Thursday, February 10, 2011

What can we know?

Recent events in Egypt (#Jan25), Tunisia and Jordan remind us that human behavior makes prediction possible over certain dimensions, but not others, such as time. To wit, here are a few great minds on the inevitability of the Egyptian protests:
“The events of the past two weeks in Egypt were not a surprise, but no one could have predicted the timing,” said Osman, one of a few authors whose new Egypt-related books come at a fortuitous time. “A socio-political eruption in Egypt, from within the middle classes, led by the youths, was inescapable."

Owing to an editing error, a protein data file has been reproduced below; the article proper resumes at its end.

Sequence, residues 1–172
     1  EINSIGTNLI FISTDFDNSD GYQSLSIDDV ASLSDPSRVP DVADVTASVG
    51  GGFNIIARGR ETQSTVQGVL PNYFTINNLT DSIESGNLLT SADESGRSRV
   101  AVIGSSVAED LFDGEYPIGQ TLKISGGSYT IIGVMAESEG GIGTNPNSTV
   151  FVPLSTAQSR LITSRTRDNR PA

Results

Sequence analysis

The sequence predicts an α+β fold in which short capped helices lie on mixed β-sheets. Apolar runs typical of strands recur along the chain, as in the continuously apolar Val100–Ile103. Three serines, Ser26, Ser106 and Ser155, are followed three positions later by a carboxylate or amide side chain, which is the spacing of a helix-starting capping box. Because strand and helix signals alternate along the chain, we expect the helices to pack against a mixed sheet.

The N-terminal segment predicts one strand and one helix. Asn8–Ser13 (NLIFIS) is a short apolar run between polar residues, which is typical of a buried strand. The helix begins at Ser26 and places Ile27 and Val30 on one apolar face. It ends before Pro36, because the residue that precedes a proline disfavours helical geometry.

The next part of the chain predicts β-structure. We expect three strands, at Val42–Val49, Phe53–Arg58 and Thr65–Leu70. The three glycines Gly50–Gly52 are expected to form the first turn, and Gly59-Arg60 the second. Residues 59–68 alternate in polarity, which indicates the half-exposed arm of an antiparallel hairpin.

“I have much to say, and the last chapter in my book talks about my view that neoliberal Cairo under Mubarak is a like a bomb in the tomb of a longer Egyptian history,” AlSayyad wrote in an email. “I predicted in the ‘Cairo’ book, as well as in my ‘The Fundamentalist City’ book released back in November, that it will ultimately detonate. I just could not have expected it to happen so soon.”
Both quotes come from this piece in the Washington Post. And from Twitter, we get the succinct (@auerswald):
How predictable was ? Put heat on, water will boil. Seal lid, pot will explode. Moment unpredictable. Outcome not.
Also see this longer post, which includes a great quote by Gregory Bateson. The CIA expressed similar views (Wired). The inevitability of human freedom has become a resurgent topic given recent events and it is a theme we will explore in future posts.

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